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Indigenous fish facing depletion threat

Abdul Latheef Naha



Hunted down:Filamentous barb, an indigenous fish variety, which is under threat of depletion because of indiscriminate fishing.

MALAPPURAM: Indiscriminate fishing in some of the streams and rivers originating from the Western Ghats has led to the depletion of several indigenous fish varieties, according to exports.

Particularly in danger is the redline torpedo fish (Puntius denisonii), popularly called ‘Miss Kerala' because of its ornamental value. Miss Kerala is endemic to the Western Ghats. Usually found in the upstream of River Bharatapuzha, the number of this fish has gone down considerably because of an increase in the value of this variety.

As one Miss Kerala can fetch more than Rs.30 in the local market and up to four dollars when exported, this species is hunted in a large scale. Those seeking exports are catching the fish from the streams in totes and reject all others but Miss Kerala. In effect, the lack of knowledge in selective fishing is affecting the population of several indigenous varieties, including the filamentous barb (Puntius filamentosus), olive barb (Puntius sarana), and the Indian flying barb (Esomus danricus).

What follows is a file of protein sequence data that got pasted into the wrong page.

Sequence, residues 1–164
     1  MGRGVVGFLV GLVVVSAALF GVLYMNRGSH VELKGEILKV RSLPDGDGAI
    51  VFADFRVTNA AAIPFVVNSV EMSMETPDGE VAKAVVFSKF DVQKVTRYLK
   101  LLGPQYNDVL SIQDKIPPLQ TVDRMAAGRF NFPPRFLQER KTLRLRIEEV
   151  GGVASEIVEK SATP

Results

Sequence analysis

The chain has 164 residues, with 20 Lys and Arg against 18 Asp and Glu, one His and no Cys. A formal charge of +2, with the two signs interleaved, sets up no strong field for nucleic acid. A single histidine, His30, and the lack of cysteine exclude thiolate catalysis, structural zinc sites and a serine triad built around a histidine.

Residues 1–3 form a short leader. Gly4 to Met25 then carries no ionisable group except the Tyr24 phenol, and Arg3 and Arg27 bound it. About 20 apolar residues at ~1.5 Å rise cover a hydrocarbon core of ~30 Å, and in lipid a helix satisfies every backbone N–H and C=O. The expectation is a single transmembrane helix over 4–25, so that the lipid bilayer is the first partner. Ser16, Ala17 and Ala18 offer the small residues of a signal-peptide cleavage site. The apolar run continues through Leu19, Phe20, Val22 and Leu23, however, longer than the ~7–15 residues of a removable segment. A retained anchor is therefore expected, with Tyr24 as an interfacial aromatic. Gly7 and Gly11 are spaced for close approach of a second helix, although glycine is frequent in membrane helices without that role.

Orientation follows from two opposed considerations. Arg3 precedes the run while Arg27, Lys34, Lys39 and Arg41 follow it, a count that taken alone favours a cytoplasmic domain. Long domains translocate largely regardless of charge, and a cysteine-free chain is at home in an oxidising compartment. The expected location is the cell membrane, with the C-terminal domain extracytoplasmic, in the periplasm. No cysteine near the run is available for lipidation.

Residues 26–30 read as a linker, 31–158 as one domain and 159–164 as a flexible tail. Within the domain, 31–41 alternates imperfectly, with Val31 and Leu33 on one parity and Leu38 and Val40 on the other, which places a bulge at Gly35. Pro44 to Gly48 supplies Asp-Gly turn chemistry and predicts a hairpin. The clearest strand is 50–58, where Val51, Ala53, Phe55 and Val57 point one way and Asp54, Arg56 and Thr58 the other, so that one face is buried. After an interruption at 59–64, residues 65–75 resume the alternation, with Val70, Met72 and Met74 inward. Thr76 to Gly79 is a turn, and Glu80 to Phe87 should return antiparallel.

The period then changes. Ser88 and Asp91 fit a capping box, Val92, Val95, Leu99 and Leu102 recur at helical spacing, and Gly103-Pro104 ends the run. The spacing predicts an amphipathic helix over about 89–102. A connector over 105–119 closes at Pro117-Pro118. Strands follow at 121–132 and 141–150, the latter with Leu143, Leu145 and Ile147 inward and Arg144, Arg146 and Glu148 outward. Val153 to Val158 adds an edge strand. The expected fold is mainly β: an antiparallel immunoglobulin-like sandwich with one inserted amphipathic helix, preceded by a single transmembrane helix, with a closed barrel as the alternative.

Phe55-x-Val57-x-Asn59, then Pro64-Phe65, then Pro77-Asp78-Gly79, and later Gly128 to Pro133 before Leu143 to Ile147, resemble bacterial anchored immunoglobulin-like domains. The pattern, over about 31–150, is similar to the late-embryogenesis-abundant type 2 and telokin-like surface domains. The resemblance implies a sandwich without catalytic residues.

S. Suresh Kumar, senior faculty member of the Department of Aquaculture and Fishery Microbiology, MES College, Ponnani, who studied the reasons for the depletion of certain indigenous fish varieties, said apart from indiscriminate fishing, reclamation of water bodies, use of pesticides, and dumping of waste were contributing to the depletion.

“Indigenous fish bring a major income for inland fishermen and low-cost protein for the public,” said Dr. Suresh. Assisted by T.S. Arunjith from his department, he recently launched a project aimed at conserving some of these fish varieties under threat of extinction.

Conservation of the indigenous fish can be achieved by protecting their natural habitat, releasing of fingerlings produced in hatcheries to natural habitats and moving the fish from a destroyed habitat to an artificial habitat. “Using low-cost technology, we successfully produced fingerlings of indigenous barbs in our tanks and released them into a local river,” he said. “We launched the initiative by developing a larval rearing technology,” he said. They bred three varieties of indigenous fish in glass tanks with natural stimulants, and reared them in cement tanks under controlled condition. They also developed the fish feed for different stages.

According to Mr. Arunjith, what they developed was a kind of backyard low-cost hatchery technology. “It can help produce fingerlings of different indigenous fish varieties for commercial production as well,” he said. “We often hear people speak of conservation. But little is done in effect. This project indeed is a great initiative to conserve our indigenous fish,” Mr. Arunjith said.

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